C.T., age 15: "I got kicked out of school for partying and truancy. I use meth. They have had me here for 2 weeks. I thi
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Richard Ross
1 of 16

Inside America's Juvenile-Detention System

May 26, 2015

As a teacher, I regularly have conversations with my students about how art can and should function. What constitutes an object as belonging in a gallery as opposed to a community? Who instituted these boundaries? Is it possible to make art that occupies both worlds? Finally, can art in either world effect real change? None of these questions are easily answered, or even attempted. The photographic work of Richard Ross dares engage their premise.

Ross is an artist and a professor, though in every sense his work is framed by, and propelled forward with, the cause of social justice. His images (and teaching) have long provided access to invisible sights that regulate bodies through discipline and containment. His 2007 photographic body of work titled Architecture of Authority pictured schools, the corridors of mosques, meeting rooms in the U.N., segregation cells in Abu Ghraib and a capital-punishment death chamber. The images are bleak but arresting; their compositions and color palettes feel almost painterly.

While photographing at a detention center in El Paso for that project, Ross asked the director if he'd ever be so successful that he'd be out of a job and was told, “Not as long as Texas continues locking up 10-year-olds.” Subsequent research revealed that children as young as 7 can be charged as adults in 22 states. Ross launched his Juvenile in Justice series (followed by Girls in Justice) in that moment and worked on it for four years — traveling to hundreds of facilities and photographing thousands of minors — without publishing a single picture.

Artists like Ross will be the first to tell you: for the "fine artist" who makes work that engages themes of social inequality, there emerges an interesting (and often productive) conflict. How does one navigate worlds that tend to not only be cut off, but also in fact negate one another? In making art that operates within both commercial and nonprofit channels, Ross is sensitive to this potential discordance. Though he's represented by a commercial gallery that sells his photographs as fine-art objects, Ross regularly licenses his pictures to socially progressive nonprofits and social-advocacy groups for free or at a nominal charge. In addition he deliberately exhibits his work in university museums. "Where better to show the work," he relates, "but amongst a younger generation who are themselves in the midst of learning about sociology, education, race and gender studies, journalism, political science, social work and law?" Real social reform, after all, comes from some measure of cooperation between all these fields.

This strategy of collaboration is visible across Ross's practice. He is currently working on several theatrical projects — one with Flex Dancers, another with preteens — with the director Peter Sellars. He has also collaborated with the sociologist Victor Rios (a fellow professor at the University of California at Santa Barbara) as well as his wife, the journalist Cissy Ross. The trio teaches a class at UCSB titled, simply, Justice. Though it's offered through the art department, the students are equipped with multiple kinds of constructive tools: they learn to write, think visually and methodize their research on the topic. Guest speakers have included Piper Kerman, the author of Orange Is the New Black; a transgender prison guard at San Quentin; the clinical physiologist Maryam Kia-Keating; and the black-studies professor Gaye Theresa Johnson (the latter two speaking to trauma and the African-American experience, respectively). The class visits a juvenile-detention facility, where, says Ross, "they check everything at the door."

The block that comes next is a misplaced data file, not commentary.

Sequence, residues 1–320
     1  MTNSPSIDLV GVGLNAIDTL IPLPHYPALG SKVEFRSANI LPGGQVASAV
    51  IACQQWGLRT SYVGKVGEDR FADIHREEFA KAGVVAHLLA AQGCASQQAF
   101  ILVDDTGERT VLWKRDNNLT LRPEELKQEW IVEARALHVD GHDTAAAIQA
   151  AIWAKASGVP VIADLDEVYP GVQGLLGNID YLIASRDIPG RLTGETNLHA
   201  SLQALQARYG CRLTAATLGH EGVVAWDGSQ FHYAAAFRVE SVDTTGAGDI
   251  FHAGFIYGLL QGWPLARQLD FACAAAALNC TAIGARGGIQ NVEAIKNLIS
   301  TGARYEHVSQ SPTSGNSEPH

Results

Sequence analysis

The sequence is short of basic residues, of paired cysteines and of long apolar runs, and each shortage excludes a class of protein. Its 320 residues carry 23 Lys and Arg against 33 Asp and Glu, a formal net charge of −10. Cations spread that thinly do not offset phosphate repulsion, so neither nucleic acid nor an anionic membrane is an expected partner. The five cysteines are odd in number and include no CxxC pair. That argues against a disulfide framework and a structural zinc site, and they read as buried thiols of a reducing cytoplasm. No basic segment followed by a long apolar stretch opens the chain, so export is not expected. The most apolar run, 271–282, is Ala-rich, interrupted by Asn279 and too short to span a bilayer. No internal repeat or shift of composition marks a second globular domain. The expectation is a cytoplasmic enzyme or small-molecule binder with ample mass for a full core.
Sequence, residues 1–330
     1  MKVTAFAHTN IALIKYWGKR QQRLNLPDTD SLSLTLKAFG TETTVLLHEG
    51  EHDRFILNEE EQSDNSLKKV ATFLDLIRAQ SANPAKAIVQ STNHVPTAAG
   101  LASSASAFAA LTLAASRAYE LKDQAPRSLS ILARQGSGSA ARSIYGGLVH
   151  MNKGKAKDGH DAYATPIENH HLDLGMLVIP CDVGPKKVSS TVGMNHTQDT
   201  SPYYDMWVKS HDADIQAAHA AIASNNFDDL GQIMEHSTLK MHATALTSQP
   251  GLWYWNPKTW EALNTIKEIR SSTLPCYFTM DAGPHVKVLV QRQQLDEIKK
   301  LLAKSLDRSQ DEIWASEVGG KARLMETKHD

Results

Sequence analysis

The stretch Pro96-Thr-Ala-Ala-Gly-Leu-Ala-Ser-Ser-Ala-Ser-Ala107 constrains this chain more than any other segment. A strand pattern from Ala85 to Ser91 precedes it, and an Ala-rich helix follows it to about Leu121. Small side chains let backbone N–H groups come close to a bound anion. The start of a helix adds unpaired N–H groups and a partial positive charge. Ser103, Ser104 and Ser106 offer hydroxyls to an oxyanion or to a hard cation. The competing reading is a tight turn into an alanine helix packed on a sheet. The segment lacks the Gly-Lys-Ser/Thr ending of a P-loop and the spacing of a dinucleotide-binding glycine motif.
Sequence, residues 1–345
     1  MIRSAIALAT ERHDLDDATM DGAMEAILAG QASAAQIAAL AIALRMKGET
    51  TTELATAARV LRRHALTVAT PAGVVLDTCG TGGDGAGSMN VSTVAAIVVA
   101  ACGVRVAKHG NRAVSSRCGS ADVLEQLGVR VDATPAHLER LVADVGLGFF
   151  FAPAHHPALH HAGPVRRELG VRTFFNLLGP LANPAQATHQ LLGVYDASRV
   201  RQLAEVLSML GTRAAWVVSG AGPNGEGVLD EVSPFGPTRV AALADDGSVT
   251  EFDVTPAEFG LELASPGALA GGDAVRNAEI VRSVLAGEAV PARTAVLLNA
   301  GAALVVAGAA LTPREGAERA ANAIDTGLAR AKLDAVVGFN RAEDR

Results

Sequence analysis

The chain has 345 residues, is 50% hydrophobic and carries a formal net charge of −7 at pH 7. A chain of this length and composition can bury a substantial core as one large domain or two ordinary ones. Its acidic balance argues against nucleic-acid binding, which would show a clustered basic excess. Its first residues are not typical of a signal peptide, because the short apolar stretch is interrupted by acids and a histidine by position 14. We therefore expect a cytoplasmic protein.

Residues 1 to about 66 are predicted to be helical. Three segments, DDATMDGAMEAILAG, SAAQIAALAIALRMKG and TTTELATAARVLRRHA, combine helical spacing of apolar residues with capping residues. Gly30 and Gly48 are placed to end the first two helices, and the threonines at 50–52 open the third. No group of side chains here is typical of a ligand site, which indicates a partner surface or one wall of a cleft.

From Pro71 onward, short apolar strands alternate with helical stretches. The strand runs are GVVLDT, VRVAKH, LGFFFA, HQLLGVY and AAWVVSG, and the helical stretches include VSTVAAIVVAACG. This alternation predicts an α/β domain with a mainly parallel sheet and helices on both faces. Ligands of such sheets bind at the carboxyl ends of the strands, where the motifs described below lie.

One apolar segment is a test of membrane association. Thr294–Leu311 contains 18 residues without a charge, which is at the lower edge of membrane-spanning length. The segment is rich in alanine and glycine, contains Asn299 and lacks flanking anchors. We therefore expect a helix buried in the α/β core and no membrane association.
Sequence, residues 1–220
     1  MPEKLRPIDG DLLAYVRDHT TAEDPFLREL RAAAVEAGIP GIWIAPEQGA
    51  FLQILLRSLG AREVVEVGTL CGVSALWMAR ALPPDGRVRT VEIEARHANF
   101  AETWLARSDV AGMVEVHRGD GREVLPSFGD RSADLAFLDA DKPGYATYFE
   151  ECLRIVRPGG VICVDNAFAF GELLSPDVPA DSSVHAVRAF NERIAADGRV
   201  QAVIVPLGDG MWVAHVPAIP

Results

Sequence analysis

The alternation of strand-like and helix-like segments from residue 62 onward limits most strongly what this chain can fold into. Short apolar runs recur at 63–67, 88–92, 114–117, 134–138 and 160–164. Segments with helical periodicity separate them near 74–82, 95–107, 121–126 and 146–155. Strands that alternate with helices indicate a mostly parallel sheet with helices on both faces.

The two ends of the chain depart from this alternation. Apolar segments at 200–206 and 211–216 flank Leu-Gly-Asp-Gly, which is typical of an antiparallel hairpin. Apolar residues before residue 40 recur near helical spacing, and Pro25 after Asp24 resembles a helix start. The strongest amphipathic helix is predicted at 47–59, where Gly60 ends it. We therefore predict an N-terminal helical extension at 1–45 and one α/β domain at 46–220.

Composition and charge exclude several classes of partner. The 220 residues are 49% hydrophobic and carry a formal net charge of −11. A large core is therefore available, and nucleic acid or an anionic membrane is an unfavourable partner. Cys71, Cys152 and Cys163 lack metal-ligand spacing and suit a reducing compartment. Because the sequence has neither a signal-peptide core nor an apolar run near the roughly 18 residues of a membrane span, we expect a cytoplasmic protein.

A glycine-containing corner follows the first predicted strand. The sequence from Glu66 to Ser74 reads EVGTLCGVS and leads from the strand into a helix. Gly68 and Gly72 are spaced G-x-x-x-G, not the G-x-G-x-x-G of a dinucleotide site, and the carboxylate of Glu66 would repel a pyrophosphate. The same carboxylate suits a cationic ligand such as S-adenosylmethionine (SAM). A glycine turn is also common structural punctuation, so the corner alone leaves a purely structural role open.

It's a feeling Ross has gotten used to. In meeting his subjects, whose faces do not appear in the final photographs, Ross is conscious to be respectful and never assert power over them. Rather, he takes off his shoes and sits on the floor while talking and shooting. "I give them authority over me," he says (not an unimportant gesture in a place where the power usually flows the other direction). Mostly he listens. This exchange, perhaps more than anything else, is the sight of true creative, social and emotional collaboration.

Ultimately, the exchanges haunt Ross. "It is impossible to leave them," he says. "Last week I was talking to a girl who has tried to kill herself repeatedly. She had been raped, homeless, beaten. She was sobbing, body-racking sobs. Because she needs mental-health assistance, is a female and a minor, I wasn't allowed to touch her. All I wanted to do was hold her and tell her that it will be all right. But I'm not allowed to, and it won't be all right." These encounters can be emotionally draining and prompt a feeling of powerlessness, but Ross, who is one of the few conduits to their stories, cannot let up.

The answer to the initial question — how can we measure art's possible impact on human beings and vice versa — is impossible to locate. However, what is clear is that Ross's photographs make courageous strides toward change by inverting (or revealing) systems of power and returning to subjects their sense of worth and humanity.

For more about Richard Ross's Juvenile In Justice project, visit his website.

Carmen Winant is an Assistant Professor of Visual Studies and Contemporary Art History at Columbus College of Art and Design.